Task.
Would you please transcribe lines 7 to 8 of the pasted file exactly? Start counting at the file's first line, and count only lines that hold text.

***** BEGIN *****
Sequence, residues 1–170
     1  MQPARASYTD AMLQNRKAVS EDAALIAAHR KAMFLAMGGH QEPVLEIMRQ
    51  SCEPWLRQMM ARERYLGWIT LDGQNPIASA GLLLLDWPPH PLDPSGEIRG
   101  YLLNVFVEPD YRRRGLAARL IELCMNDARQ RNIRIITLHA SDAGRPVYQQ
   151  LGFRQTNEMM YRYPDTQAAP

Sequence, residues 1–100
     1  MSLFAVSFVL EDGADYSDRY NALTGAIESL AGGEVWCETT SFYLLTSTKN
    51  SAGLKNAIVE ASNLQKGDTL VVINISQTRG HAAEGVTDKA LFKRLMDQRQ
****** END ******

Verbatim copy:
     1  MSLFAVSFVL EDGADYSDRY NALTGAIESL AGGEVWCETT SFYLLTSTKN
    51  SAGLKNAIVE ASNLQKGDTL VVINISQTRG HAAEGVTDKA LFKRLMDQRQ